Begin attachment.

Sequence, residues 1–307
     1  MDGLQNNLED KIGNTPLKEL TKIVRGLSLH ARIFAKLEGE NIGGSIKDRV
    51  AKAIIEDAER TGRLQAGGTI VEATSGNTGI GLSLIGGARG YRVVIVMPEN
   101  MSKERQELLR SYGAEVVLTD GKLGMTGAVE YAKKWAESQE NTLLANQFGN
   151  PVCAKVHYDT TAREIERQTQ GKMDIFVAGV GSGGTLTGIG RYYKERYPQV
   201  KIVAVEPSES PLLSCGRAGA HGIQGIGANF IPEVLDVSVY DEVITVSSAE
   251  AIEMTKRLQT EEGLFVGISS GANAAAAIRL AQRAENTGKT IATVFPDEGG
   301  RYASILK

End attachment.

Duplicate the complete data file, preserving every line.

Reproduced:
Sequence, residues 1–307
     1  MDGLQNNLED KIGNTPLKEL TKIVRGLSLH ARIFAKLEGE NIGGSIKDRV
    51  AKAIIEDAER TGRLQAGGTI VEATSGNTGI GLSLIGGARG YRVVIVMPEN
   101  MSKERQELLR SYGAEVVLTD GKLGMTGAVE YAKKWAESQE NTLLANQFGN
   151  PVCAKVHYDT TAREIERQTQ GKMDIFVAGV GSGGTLTGIG RYYKERYPQV
   201  KIVAVEPSES PLLSCGRAGA HGIQGIGANF IPEVLDVSVY DEVITVSSAE
   251  AIEMTKRLQT EEGLFVGISS GANAAAAIRL AQRAENTGKT IATVFPDEGG
   301  RYASILK